How to get your toddler talking: Fun with Words

Jan 3, 2016

Language is learned through interactions; the more your child interacts with you the more they can learn from you. What makes a toddler want to interact with an adult? They may have a problem they hope the adult can solve, such as hunger or wet clothes. But once their needs are met, what keeps them with us? One of the best ways to make a toddler want to spend time with us is to be fun! In this post I’ll share a third great strategy to get your toddler talking. Your child will love this one!


Toddlers want to be with people who make them laugh, surprise them, play with them, and make them feel good. Play – or any other type of interaction – will last longer and be better when a toddler enjoys it. That means more opportunities to learn language; having fun is about learning too.

Body language and intonation

Our tone of voice and facial expressions are so important to our little ones, especially when they are in the early stages of learning to understand language. When spending time together, try to smile and make eye contact and generally use your face and voice to show how much you love your little one. We get tired, of course, and we can’t do this 24-7, but try it when you can. Let your toddler see that she is the light of your life!

During playtime, grab your toddler’s attention with some overacting. Play words like bang, boom, pop and wow are great for this, as you play with blocks or bubbles, for example. Act as though the game you’re playing is really fun, and your toddler is more likely to want to join in, and join in for longer. Using a loud, expressive, sing-song intonation for certain words and phrases can make them fun for first-words learners, and encourage repetition.

Choose fun

In my post on play, I suggested that playtimes work best when we choose activities that our little ones enjoy. This is crucial, but it doesn’t mean we should do the same old games day after day. That would not be fun! We don’t really know whether our little ones will enjoy an activity until we try it out together, so try new things often.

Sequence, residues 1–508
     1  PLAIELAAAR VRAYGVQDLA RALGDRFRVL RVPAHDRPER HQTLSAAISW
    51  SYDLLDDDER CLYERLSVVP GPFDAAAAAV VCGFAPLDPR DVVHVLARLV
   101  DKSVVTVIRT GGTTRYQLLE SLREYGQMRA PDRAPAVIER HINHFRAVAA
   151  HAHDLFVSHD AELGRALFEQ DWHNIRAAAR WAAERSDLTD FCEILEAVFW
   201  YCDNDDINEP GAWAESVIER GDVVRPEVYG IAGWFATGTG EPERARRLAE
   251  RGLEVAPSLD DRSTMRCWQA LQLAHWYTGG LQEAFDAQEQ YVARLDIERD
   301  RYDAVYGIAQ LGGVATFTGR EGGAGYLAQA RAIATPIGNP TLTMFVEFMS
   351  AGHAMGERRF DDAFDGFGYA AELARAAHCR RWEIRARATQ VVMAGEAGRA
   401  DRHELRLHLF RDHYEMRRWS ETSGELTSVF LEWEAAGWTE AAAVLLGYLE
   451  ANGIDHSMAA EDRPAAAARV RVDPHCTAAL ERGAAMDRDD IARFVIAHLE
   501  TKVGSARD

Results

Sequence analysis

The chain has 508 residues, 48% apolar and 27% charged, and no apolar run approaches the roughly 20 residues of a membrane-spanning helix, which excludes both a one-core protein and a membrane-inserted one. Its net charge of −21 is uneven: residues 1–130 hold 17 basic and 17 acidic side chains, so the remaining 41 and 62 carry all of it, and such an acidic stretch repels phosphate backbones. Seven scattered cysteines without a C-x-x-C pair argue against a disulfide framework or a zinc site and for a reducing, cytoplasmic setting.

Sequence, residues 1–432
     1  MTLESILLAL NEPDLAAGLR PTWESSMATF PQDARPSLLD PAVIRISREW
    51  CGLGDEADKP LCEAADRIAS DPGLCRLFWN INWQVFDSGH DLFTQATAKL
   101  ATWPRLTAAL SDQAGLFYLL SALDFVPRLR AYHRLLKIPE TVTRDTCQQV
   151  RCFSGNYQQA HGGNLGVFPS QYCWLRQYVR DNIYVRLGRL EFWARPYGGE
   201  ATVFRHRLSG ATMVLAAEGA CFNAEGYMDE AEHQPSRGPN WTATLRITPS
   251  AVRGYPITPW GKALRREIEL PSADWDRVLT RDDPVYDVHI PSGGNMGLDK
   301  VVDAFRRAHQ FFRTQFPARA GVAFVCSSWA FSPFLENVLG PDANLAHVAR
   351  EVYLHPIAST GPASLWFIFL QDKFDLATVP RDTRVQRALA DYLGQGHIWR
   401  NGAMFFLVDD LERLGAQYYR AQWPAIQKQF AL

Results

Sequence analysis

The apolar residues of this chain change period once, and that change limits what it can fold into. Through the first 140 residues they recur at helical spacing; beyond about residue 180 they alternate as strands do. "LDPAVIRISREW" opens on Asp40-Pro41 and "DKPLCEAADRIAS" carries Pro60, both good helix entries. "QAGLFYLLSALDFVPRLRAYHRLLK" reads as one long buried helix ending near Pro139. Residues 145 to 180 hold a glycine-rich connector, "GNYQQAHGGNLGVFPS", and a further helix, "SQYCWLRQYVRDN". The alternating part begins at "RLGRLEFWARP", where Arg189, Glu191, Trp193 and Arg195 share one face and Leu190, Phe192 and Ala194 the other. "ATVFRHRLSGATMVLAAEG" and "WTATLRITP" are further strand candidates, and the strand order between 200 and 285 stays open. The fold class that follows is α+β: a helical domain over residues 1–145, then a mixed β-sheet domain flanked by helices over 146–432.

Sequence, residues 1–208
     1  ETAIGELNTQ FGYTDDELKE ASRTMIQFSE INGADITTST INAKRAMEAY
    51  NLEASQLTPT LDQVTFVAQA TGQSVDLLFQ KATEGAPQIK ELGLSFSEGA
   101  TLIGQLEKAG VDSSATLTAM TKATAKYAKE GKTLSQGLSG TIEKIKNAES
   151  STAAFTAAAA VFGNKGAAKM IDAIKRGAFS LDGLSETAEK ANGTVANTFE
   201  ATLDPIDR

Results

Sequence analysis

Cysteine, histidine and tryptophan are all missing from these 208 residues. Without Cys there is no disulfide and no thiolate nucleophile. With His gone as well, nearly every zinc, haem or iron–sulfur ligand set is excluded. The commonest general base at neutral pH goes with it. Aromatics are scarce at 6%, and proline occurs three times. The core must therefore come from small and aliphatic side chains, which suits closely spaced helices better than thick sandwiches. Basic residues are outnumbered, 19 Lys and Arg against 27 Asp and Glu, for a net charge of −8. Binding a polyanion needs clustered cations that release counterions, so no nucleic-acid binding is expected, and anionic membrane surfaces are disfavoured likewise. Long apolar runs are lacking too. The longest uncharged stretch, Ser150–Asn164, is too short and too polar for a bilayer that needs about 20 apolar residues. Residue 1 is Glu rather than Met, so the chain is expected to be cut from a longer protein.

When choosing activities for toddlers, remember their current abilities and interests. Can they follow instructions? Can they play with more than one object at once? Do they like to imitate or to invent? Do they have the motor skills the activity requires? Very often, when a small child avoids doing a certain activity, it’s too difficult for her, and that means it isn’t fun. I’m not saying we shouldn’t challenge our children. It’s a good idea to try out games for the next stage up, but take it slowly and if they don’t enjoy the game, then don’t push them. Balance times where you give instructions with chances for your little one to take the lead. Aim to take turns in creating the play, rather than always being the director or the follower.

Play with words

So what’s the language pay-off in all this? It comes from making our interactions verbal, using simple, repetitive language in play with first-words learners, building up the complexity as their skills develop. Make words an integral part of your play, whether that means sounds like ‘Wheee!’ and ‘Vrrrm vrrrm’, or more complex language, like describing how the play dough feels as you mold it together or talking about why the little girl in the dollhouse is excited. You can teach your little one through these interactions that words are not just useful, they’re fun. Your child will want to use them, and the possibilities for play and communication will keep on growing.


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